Monday, September 19, 2005

Plead Guilty!!!

I went off to one of my local Crown Courts to have a conference with a Client and his barrister today. I had suffered massive problems trying to arrange a conference in prison before his trial date so a conference at this trial readiness hearing seemed like a good idea.

This particular case has troubled me for some time. The case concerns a house being used as a cannabis factory kitted out with hydroponic lighting. The evidence against my Client is that he is seen walking out of the house holding two bin liners stuffed full of fresh cannabis leaves. Also his finger print is found inside the house. His instructions prior to the Prosecution serving their forensic evidence was that he was never in the house. Since the forensic evidence has been served my Client has failed to account for his finger print in any way but refuses to accept that the evidence is so strong that he will be convicted.

The conversation at the conference today went something like this:

Me: The evidence against you is overwhelming.
Client: I know, but, I am not pleading guilty.
Me: The evidence is so strong you will be convicted at trial.
Client: Okay.
Me: Why is your finger print in the property?
Client: I don't know.
Me: How did it get there?
Client: I don't know.
Me: C'mon, at least explain what your finger print is doing there?
Client: I don't know how it got there.
Me: Is it your finger print?
Client: I guess so.
Barrister: If you get convicted after a trial you will go to prison for longer than you would if you pleaded guilty.
Client: I know.
Barrister: You could serve a long time in prison.
Client: Right.
Me: Are you insane? Do you not understand what I am saying?
Client: I understand. I am not pleading guilty.

So my mad client decided to maintain his not guilty plea despite my advice that he will undoubtedly be convicted at trial. He seems to understand the advice I am giving him but he refuses, for reasons unknown to myself, to change his plea to get a lesser sentence. Even if my Client is innocent he has not provided me with the evidence, or the leads, I need to help him fight the case. This is one case of legal suicide.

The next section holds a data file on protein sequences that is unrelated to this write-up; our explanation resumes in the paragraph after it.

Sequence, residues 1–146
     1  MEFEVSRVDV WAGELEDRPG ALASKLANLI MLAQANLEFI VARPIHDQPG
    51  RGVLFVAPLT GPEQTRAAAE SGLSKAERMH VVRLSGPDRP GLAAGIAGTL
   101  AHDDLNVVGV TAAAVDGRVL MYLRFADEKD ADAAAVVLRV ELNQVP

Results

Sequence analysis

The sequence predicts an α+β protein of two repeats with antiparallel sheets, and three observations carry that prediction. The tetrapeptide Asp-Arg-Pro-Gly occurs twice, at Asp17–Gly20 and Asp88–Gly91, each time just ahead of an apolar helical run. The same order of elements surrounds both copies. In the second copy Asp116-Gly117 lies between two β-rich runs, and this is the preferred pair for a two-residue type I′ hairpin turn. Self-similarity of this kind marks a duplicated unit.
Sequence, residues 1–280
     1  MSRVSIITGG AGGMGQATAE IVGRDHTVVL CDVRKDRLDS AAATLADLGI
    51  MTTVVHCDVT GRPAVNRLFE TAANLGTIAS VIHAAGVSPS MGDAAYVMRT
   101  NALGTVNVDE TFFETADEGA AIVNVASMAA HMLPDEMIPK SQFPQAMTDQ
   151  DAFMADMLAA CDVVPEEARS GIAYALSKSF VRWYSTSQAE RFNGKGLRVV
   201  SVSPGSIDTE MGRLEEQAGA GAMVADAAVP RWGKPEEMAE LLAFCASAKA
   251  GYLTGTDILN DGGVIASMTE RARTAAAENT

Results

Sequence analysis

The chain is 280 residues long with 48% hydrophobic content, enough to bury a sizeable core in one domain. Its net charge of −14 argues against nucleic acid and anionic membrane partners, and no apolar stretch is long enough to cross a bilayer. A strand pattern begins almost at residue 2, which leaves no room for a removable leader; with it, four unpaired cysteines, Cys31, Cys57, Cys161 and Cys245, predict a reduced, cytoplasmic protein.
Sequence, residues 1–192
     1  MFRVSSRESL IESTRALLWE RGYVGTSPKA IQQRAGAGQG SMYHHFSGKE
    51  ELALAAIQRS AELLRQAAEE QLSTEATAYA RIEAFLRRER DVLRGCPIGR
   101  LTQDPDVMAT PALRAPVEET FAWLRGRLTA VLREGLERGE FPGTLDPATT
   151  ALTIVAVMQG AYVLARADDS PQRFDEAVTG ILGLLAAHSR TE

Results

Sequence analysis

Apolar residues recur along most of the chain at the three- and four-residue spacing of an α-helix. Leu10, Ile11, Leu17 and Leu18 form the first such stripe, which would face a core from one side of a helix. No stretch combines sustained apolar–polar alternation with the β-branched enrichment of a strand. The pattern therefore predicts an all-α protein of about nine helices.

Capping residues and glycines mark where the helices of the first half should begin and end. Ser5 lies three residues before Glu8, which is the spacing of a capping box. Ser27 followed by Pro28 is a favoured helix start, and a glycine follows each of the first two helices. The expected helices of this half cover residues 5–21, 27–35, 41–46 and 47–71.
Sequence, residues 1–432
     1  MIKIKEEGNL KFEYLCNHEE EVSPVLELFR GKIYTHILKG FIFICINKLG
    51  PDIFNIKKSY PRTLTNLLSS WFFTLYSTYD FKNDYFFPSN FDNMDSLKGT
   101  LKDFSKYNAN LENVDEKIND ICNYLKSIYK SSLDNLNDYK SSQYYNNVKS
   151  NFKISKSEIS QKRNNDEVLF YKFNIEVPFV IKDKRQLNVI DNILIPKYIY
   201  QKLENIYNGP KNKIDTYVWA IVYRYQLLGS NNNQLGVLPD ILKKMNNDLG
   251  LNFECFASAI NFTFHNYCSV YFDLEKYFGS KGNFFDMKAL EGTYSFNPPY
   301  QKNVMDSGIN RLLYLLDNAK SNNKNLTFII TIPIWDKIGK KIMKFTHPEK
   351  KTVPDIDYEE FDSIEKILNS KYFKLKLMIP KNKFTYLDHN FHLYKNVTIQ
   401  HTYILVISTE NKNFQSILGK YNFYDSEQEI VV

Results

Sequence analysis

Anonymous said...

Does he understand that your on his side? Unless he really is innocent?...ahem..

Gavin said...

We asked him whether he understood us and whether he realised that we were there to help him as a defence team - he still would not entertain the idea of pleading guilty or the reality that he would go to prison for a longer period of time!

Anonymous said...

Maybe a defense would be mental defect ?

Bystander said...

I did an almost identical case the other day. I was all set to accept jurisdiction on cultivation of class C, as per the guidelines, but he was in fact charged with production, and Stones says that is good for 3 years or more, so we sent it up. I don't know the cases on cultivation vs, production, but on the facts we heard, had I been his brief I would have offered a plea to cultivation and a firm NG to production, as the def was just a little man doing a bit of watering for pocket money. I think he was overcharged.

Anonymous said...

I mentioned this at our Crown Court today. One of the barristers suggested your client might have been visiting the house and was shocked to discover cannabis on the premises. So shocked was he, indeed, that he stuffed all the cannabis leaves he could find into the bin bags, which he was removing for later destruction.

More seriously, several of them could recall (admittedly rare) cases where their clients had been acquitted, much to everyone's surprise, in the face of absolutely overwhelming evidence; the consensus was that sometimes jurors must think 'Since he's still denying it despite all this apparent evidence, maybe he really didn't do it and it's all a horrible mistake'.

Anonymous said...

Does no one else think outside the box? He was keeping his mouth shut for someone higher up, under promise of either punishment or reward. Saying anything would risk the punishment side.....

Gavin said...

"Does no one else think outside the box? He was keeping his mouth shut for someone higher up, under promise of either punishment or reward. Saying anything would risk the punishment side....."

I think that you were probably right. His trial finished on 6th October 2005 - guilty as charged.